That museum’s two most important fakes, as reported in the December 2018 issue of Russian Art Focus, are ‘Samovar’ by Kazimir Malevich (1879–1935) and ‘Non-Figurative Composition’ by Lyubov Popova (1889–1924). The museum now believes both were stolen “not earlier than in the 1960s” and replaced by forgeries.

There is an identical Popova painting the Thessaloniki Museum that now houses the collection of the great Greek-born Moscow collector George Costakis (1913-1990), but its director has said it is definitely not the one missing from that Russian provincial museum.

As for the Malevich, MoMA’s own ‘Provenance Research Project’ has identified the ‘Samovar’ in its collection as having been “transferred to the Museum at Rostov-Yaroslavsky in 1922, sold at a Sotheby’s London in 1972” and “acquired by the Museum of Modern Art, New York, 1983, from the Riklis Collection of the McRory Corporation”. That description perfectly matches the Russian museum’s missing ‘Samovar’.

The loudest, most recent scandal involving Russian fakes was sparked by an exhibition that opened at Ghent’s Museum of Fine Arts in October 2017, which supposedly showed 24 previously unknown works of Russian Avant-Garde. The exhibits claimed to show works by Malevich, Vladimir Tatlin (1885-1953), El Lisitsky (1890-1941), Nikolai Larionov (1881-1964) and Natalia Goncharova (1881-1962). 

The works were part of the collection owned by Igor and Olga Toporovsky, a Russian couple with a castle in Belgium. The exhibition was closed after 11 major international experts and art dealers wrote an open letter to the authorities denouncing the exhibits as fakes. As a result, Catherine de Zegher, the Ghent museum’s director, lost her job.

In February 2019, the Belgian authorities launched an investigation and Toporovsky was arrested in December of the same year on allegations of fraud, money laundering and trafficking in stolen goods. An article published in the Russian newspaper Izvestia, claimed Russian detectives had been wanting to question Toporovsky for the last 15 years and had a hand in unveiling the alleged scam.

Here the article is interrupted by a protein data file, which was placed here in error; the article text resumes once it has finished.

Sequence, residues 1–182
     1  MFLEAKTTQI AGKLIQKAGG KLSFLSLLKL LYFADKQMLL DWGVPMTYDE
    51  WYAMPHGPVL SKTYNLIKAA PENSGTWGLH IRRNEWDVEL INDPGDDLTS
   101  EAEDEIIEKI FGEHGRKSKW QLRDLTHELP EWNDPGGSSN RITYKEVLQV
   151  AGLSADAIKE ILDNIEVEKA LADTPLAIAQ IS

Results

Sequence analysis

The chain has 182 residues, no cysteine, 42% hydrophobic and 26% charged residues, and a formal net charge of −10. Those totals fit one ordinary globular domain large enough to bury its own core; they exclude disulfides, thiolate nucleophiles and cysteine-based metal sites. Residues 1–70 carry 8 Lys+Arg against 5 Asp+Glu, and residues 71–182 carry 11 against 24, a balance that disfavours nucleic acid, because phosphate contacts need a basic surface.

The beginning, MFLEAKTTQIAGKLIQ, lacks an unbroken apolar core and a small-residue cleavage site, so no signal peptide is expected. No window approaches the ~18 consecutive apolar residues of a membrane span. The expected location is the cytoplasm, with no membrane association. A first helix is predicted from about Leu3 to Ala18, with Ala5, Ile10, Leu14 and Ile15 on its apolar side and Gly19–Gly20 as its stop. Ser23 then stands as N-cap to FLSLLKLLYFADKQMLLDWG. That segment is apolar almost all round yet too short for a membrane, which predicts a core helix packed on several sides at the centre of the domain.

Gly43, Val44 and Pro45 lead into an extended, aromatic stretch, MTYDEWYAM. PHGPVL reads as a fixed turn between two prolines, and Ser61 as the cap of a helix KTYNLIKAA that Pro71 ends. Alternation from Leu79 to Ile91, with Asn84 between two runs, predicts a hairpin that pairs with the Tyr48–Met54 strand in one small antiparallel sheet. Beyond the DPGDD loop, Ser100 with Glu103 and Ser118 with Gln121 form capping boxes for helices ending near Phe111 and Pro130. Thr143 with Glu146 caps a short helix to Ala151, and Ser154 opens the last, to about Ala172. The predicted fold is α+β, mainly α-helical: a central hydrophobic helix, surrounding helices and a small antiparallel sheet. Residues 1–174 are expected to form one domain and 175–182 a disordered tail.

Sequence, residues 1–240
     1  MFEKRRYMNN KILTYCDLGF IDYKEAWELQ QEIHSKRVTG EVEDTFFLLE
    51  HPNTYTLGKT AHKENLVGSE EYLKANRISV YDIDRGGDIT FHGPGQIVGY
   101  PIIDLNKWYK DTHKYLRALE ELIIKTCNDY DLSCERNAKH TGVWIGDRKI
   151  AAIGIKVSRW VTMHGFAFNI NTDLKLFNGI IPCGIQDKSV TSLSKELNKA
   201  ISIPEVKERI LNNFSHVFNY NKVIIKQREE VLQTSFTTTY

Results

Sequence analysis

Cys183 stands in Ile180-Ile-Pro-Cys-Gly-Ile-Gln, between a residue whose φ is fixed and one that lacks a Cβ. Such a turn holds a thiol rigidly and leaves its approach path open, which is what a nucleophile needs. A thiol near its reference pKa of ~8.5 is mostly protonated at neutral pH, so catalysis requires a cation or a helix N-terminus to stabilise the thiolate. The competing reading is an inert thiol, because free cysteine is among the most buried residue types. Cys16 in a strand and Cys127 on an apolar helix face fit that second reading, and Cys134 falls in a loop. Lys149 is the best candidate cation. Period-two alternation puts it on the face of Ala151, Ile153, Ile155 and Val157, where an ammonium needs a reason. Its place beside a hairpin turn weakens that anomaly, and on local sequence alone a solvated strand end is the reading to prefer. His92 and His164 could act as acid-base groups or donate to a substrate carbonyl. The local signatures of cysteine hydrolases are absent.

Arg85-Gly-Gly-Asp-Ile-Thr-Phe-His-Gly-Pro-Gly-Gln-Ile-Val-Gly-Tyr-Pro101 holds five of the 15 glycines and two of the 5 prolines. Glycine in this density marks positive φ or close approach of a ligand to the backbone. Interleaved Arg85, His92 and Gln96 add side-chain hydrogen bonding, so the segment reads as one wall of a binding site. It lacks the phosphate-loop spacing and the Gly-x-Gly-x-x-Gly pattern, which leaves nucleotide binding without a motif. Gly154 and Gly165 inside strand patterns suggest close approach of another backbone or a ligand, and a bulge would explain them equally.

A 13 February 2020 article on “how Igor Toporovsky sold paintings and who bought them”, published on the website of The Art Newspaper Russia, told the story of how a Russian businessman named Alexander Gordon, had bought 18 paintings from Toporovsky for a total of USD 1.55 million in 2005. Experts later ruled they were all fakes. 

The art world recently hailed as a major victory the acquittal of prominent British dealer of Russian art James Butterwick in a libel case brought against him in Italy after he described as “an absolute disgrace” a three-month-long exhibition called ‘Russian Avant-Garde from Cubo-Futurism to Suprematism’. The show opened in the Italian city of Mantua at the end of 2013.

The exhibition’s organizers filed a civil lawsuit, accusing Butterwick of damaging their business reputation. However, an Italian judge ruled that “Butterwick expressed an opinion based on his proven and recognized competence and experience, which, although strongly stated, was never offensive or unfounded”. Butterwick was one of the 11 signatories of the letter sent over the Ghent exhibition.

The moral of this story is that the ancient Roman warning “Caveat emptor” (Latin for “Let the buyer beware”) remains as relevant today as it was in the days of Julius Caesar. 

This article was based on a text published in the March 2020 issue of
The Art Newspaper Russia.

Russian Avant-Garde at the Museum Ludwig: Original and Fake. Questions, Research, Explanations

Museum Ludwig

Cologne, Germany

26 September 2020 – 3 January 2021